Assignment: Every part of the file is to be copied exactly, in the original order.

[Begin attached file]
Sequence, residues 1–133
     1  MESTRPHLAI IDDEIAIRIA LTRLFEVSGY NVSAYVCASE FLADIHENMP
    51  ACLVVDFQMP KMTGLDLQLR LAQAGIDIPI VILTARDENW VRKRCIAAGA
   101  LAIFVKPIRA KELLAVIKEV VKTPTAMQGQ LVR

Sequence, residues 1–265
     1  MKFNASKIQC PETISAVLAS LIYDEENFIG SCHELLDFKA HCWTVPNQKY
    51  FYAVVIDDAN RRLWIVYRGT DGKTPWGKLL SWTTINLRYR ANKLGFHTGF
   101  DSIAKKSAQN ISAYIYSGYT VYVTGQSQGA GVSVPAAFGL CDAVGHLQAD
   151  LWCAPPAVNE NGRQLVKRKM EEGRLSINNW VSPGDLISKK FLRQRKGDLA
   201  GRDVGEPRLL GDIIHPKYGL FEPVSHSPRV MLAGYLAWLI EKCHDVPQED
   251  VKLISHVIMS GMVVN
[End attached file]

Sequence, residues 1–133
     1  MESTRPHLAI IDDEIAIRIA LTRLFEVSGY NVSAYVCASE FLADIHENMP
    51  ACLVVDFQMP KMTGLDLQLR LAQAGIDIPI VILTARDENW VRKRCIAAGA
   101  LAIFVKPIRA KELLAVIKEV VKTPTAMQGQ LVR

Sequence, residues 1–265
     1  MKFNASKIQC PETISAVLAS LIYDEENFIG SCHELLDFKA HCWTVPNQKY
    51  FYAVVIDDAN RRLWIVYRGT DGKTPWGKLL SWTTINLRYR ANKLGFHTGF
   101  DSIAKKSAQN ISAYIYSGYT VYVTGQSQGA GVSVPAAFGL CDAVGHLQAD
   151  LWCAPPAVNE NGRQLVKRKM EEGRLSINNW VSPGDLISKK FLRQRKGDLA
   201  GRDVGEPRLL GDIIHPKYGL FEPVSHSPRV MLAGYLAWLI EKCHDVPQED
   251  VKLISHVIMS GMVVN